In tenuous times of war, disease, and uncertainty, our MusicMakers Hacklab program in May at CTM Festival held a special energy. Here’s a look back at this open performance lab for music, just as the deadline for the 2023 edition approaches Sunday.
This edited film will give you a small sense of the project energy – it’s the result of a six-day process of collaborative, original performance creations by invited artists. They had never worked together before, and were given free reign to create a new performance night together. Uniquely in this edition, they produced a through-composed live show collectively.
Hosted with CTM Festival since 2013, the MusicMakers Hacklab has become an annual ritual of live performative experimentation. I’m fond of saying that the primary technology to hack in these events is human collaboration. But the meaning of that has had to shift with a changing environment.
In 2021, we moved to an all-online format while still presenting the performance in an empty performance space – I wrote about the ensuing adventures in tools and working processes for CTM Festival’s magazine. (Huge thanks to Olivia Jack, the creator of live coding tool Hydra, who co-hosted that edition – plus the insights we got from all our adventurous worldwide participants.)
For 2022, after a delay from winter due to COVID restrictions, we stepped back to in-person events – complete with daily rapid testing. It was also an opportunity to focus on local community, too, as travel for participants was still uncertain. That had Hacklab artists in the cozy environs of AL Berlin, itself a community hub focused on the West Asia and North Africa (WANA) diaspora. Sure enough, the focus on Berlin meant an even more diverse group of artists’ backgrounds from around the world – from multiple hemispheres, from Ukraine war refugees.
Co-host Ariel William Orah, apart from being a hacklab veteran, is also a community force in the city, with work on the culinary-social experiment Lokarasa, label LK_W, and sōydivision platform. Those are all binding together Indonesian and southeast Asian diasporas and just last Friday connecting southeast Asian and Latin American platforms in a series that landed at Kantine am Berghain. Just dig into Ariel’s linktree to find out more.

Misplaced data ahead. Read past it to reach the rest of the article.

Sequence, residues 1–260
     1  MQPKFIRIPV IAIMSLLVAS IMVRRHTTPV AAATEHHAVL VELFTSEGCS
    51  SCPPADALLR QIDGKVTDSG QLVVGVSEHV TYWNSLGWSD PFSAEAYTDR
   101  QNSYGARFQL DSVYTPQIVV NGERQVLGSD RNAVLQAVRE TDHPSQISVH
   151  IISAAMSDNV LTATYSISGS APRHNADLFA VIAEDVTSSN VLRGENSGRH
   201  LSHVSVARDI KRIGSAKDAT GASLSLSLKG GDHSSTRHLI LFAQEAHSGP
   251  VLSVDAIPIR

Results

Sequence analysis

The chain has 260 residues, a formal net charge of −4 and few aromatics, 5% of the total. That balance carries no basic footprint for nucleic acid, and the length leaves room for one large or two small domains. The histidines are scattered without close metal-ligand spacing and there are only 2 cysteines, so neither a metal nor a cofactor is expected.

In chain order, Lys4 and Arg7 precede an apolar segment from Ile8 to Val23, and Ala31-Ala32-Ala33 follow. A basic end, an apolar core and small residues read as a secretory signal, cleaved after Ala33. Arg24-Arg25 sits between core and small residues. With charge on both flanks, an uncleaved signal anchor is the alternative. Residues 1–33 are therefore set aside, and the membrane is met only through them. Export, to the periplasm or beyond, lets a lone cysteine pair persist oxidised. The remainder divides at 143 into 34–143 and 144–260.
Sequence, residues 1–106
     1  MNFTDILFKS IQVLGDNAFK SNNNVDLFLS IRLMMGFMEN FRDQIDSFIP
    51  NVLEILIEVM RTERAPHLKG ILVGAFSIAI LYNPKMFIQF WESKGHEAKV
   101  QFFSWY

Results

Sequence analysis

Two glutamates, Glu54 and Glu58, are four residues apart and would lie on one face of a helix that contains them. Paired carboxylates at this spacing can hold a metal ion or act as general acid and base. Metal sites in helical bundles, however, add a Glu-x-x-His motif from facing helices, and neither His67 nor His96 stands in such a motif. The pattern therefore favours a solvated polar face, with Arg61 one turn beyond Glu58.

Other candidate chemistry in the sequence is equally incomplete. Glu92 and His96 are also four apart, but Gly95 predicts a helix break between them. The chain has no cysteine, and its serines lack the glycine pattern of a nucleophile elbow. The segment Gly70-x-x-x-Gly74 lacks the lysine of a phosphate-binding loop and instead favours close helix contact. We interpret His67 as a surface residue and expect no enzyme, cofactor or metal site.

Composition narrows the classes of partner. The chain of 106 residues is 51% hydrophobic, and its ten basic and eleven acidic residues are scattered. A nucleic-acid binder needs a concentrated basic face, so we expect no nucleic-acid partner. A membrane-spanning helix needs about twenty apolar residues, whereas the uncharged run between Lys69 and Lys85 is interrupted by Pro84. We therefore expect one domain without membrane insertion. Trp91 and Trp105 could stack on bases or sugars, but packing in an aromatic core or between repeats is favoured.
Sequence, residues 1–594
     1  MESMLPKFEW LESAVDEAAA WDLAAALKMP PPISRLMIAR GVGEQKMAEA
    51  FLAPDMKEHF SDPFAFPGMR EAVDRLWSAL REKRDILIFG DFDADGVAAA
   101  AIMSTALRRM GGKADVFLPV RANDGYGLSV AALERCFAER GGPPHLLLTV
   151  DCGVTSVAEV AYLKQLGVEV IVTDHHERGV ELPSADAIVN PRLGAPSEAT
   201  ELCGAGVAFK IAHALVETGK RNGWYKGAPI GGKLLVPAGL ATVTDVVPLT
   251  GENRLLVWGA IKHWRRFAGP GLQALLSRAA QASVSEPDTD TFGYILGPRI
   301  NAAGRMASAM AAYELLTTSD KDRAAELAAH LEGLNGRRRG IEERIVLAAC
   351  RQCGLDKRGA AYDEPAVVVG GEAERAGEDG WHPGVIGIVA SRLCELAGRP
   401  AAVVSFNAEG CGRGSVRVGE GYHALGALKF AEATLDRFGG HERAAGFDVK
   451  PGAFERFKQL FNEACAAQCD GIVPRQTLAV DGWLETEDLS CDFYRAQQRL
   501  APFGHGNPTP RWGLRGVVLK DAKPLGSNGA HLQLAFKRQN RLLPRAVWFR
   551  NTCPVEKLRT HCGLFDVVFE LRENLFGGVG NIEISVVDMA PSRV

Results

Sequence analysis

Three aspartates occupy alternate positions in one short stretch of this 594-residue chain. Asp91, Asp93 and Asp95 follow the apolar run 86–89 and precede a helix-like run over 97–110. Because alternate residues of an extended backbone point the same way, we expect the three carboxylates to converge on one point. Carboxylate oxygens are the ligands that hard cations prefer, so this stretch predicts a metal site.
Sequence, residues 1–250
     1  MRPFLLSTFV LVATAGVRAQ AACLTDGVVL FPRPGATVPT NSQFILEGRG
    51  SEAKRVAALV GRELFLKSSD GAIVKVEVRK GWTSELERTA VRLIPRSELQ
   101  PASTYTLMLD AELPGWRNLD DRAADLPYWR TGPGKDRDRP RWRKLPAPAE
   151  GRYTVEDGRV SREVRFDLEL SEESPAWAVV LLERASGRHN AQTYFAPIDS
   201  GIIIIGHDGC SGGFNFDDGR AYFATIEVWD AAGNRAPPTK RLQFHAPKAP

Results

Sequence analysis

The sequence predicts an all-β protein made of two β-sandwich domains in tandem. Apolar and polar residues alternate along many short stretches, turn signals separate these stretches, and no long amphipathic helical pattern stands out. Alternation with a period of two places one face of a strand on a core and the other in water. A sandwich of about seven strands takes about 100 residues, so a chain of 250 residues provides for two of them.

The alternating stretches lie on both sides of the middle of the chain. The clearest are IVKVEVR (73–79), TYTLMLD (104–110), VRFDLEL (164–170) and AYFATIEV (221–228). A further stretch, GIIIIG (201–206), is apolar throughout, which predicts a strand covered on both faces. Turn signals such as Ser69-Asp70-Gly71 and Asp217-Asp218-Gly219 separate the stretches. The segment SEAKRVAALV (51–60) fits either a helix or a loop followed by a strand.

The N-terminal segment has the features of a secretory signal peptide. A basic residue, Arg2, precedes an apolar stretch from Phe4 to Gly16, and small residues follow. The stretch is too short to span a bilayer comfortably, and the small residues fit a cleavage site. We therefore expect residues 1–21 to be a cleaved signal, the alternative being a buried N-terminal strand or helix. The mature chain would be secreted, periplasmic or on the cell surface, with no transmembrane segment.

I could try to write to say what happened, but I feel like the performance embodies that message; I hope it’s in some way captured in the video. People were sewing each other together, literally – even someone with a fear of needles, who said ultimately the experience was healthful and affirming. Shopping carts were banged. Electrical contact turned bodies into synthesizers. We do weird stuff, unapologetically, and find like-minded radical souls.
Each one of these artists is incredible, and they continue to spur new collaborations after the event – without any structure required, even.
There’s still time to apply to next year’s edition, which, reflecting on the festival theme Portals, takes on “Rifts.”
2023 will feature the extraordinary Verónica Mota.
With Cecilia Nercasseau Gibson (Cecilia Pez)
Dan Su (su dance110)
Jacky Kommers (JacqNoise)
Kyrylo Shum (Kirill)
Hosted by Ariel William Orah and Peter Kirn
The MusicMakers Hacklab is a performance laboratory that aims to invent tools and strategies for improvised play.
After a fully virtual year in 2021, the CTM 2022 edition of the Hacklab took a first step back into in-person collaboration by focusing on participants based in Berlin. The year’s fellows were invited to consider intimacy and physical proximity in their Hacklab creations, but also how they might reshape their artistic identities or local communities/scenes, building unfamiliar selves while remaining in a familiar city/place.
Recorded live in Berlin at Kunstquartier Bethanien, Studio 1 on 29 May 2022.
Here is the full-length video:
Photo: Eunice Maurice, 2022